Southwest Wake News

Apex, Wake County schools negotiate Apex Friendship Middle site plan

The Town Council approved Wake County Public Schools’ site plan for Apex Friendship Middle School Tuesday, but only after the school system compromised on some of the town’s infrastructure demands.

The unanimously approved site plan included all but one of the town’s conditions. The debate centered on road improvements and the need for equipment that town officials said are vital to school safety.

The debate, moderated as a quasi-judicial hearing and adjudicated by Mayor Lance Olive, dealt mainly with who should pay for the town’s conditions for the site plan. Councilwoman Denise Wilkie, a teacher at Apex High School, recused herself from the hearing.

The new 235,000-square-foot Apex Friendship Middle School is set to open for the 2018-19 school year, just east of Apex Friendship High School on Humie Olive Road, which opened in the fall. It’s expected to cost $51.2 million and accommodate 1,450 students, according to the school system.

The town had asked the school system to pay for nearby road improvements, which officials said would be required because of an increase in school traffic.

The town also asked for a bidirectional radio amplifier and repeater, which town technology specialist David Boggs estimated would cost $100,000.

Apex Police Chief John Letteney testified that the heavy brick and steel construction of most schools severely hinders officers’ radio signals and compromises emergency responders’ ability to communicate from within the school. He said the requested equipment would boost emergency responders’ radio signals in the building.

Road requests

Apex initially asked the school system to pay for four right-turn lanes: one at the intersection of Evans and Apex Barbecue roads; two at the intersection of Humie-Olive Road and Blazing Trail Drive; and one at Humie-Olive and Richardson roads.

The council eventually agreed to strike the request at Humie-Olive and Blazing Trail because members said they couldn’t prove the cost of the improvement was proportional to the burden the new school site would bring to the intersection, as required by the town’s development ordinances.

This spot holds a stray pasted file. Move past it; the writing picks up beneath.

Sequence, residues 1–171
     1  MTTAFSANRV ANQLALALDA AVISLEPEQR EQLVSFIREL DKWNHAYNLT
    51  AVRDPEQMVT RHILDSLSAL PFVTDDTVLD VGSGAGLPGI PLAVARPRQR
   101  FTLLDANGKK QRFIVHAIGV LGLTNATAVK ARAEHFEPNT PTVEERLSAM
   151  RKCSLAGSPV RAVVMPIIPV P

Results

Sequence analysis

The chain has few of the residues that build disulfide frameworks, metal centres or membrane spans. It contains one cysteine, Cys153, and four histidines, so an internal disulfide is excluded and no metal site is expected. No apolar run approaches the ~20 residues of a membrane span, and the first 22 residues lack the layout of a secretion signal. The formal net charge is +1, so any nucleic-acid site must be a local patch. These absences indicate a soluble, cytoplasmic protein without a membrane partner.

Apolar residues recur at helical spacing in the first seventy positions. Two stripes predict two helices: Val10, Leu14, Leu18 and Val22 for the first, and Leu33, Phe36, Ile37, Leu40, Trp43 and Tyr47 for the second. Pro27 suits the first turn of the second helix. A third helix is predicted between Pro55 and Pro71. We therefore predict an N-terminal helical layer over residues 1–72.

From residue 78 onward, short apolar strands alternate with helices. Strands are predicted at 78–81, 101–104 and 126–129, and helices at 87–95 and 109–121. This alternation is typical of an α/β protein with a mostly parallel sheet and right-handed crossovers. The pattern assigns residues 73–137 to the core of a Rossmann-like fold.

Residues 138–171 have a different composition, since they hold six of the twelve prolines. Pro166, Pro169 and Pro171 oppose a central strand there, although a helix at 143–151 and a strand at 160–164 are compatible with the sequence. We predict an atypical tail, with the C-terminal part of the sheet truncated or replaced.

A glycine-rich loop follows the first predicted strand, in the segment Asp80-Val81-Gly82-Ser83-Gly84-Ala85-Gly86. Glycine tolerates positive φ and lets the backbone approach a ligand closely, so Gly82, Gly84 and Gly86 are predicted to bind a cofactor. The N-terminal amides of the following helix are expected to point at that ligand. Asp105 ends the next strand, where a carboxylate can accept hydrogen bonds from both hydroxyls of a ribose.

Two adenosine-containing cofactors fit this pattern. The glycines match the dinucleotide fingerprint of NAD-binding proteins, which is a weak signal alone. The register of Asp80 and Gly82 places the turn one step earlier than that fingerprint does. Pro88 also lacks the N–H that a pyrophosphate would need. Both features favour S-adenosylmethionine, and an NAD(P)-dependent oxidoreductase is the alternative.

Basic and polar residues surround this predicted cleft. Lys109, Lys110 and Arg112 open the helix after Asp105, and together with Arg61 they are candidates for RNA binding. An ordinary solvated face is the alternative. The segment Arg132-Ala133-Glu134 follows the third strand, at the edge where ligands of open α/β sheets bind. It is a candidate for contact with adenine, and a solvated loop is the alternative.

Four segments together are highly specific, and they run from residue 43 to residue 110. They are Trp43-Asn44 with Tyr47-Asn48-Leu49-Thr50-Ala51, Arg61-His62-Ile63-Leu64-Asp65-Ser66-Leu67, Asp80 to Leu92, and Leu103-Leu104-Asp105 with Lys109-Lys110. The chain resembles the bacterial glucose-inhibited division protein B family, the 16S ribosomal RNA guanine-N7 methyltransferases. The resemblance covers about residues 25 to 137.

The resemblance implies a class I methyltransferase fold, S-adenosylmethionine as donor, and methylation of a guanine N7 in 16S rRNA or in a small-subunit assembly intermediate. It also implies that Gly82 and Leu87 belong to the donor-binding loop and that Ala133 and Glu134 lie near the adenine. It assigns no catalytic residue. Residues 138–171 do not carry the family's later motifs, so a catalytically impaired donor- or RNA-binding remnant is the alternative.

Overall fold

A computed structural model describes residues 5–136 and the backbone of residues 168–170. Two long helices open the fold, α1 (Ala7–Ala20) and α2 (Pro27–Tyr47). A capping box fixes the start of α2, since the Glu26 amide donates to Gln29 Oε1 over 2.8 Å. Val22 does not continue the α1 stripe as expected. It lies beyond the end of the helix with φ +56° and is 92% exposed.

The school system, represented by lawyer Kenneth Haywood, has encountered other discussions with area towns about infrastructure. The Town of Garner, in a November hearing also involving Haywood, imposed road improvement conditions on the site plan for Bryan Elementary School and found itself in a similar debate.

Haywood told the Apex Town Council that the school system already had agreed to pay for $625,000 of road improvements separate from the council’s requests, which he said would cost an additional $625,000.

“Because of the school system’s limited budget, we don’t believe Wake County Public Schools can be the solution for everyone else’s issues,” Haywood said. “People would like someone else to take responsibility for those problems, but the school system has limited funding for this particular school.”

Emergency communications

The issue of the radio amplifier animated the council the most, with members in agreement that the school system should shoulder the costs of ensuring that emergency communications function within the building.

“To me, that’s a showstopper,” Councilman Gene Schulze said.

Haywood said because signal strength is generally weak in the area of the site plan, an amplifier within the building would do little to address the issue of signal strength. He said the county should look into the problem before the school system agrees to the expense of improving the signal at the school.

“If the signal is weak on the outside, then simply putting the receivers within the middle school doesn’t solve the problem for anybody,” he said.

Olive, who said he has experience as an amateur radio operator, said Haywood was incorrect.

“No offense, Mr. Haywood, but I think you stepped outside your expertise area when you talked about the signal outside versus inside the building,” he said.

Letteney further testified that the police officer assigned to adjacent Apex Friendship High School is forced to use his cell phone rather than his radio, which he said can be dangerously indirect and slow when backup is needed.

Both Letteney and mayor pro tem Nicole Dozier said signal loss is a known issue in schools around the state.

“There are people in the Wake County schools who know about this and have come to me to talk about it,” Dozier said. “I have been told it was an issue of cost rather than awareness.”

Schulze made a motion to deny the site plan, which was seconded by Councilman Wesley Moyer. After some discussion among the council members about whether to continue the hearing rather than deny the plan altogether, Haywood stood up and said the school system would withdraw its objections to paying for the radio equipment.

Gargan: 919-460-2604; @hgargan

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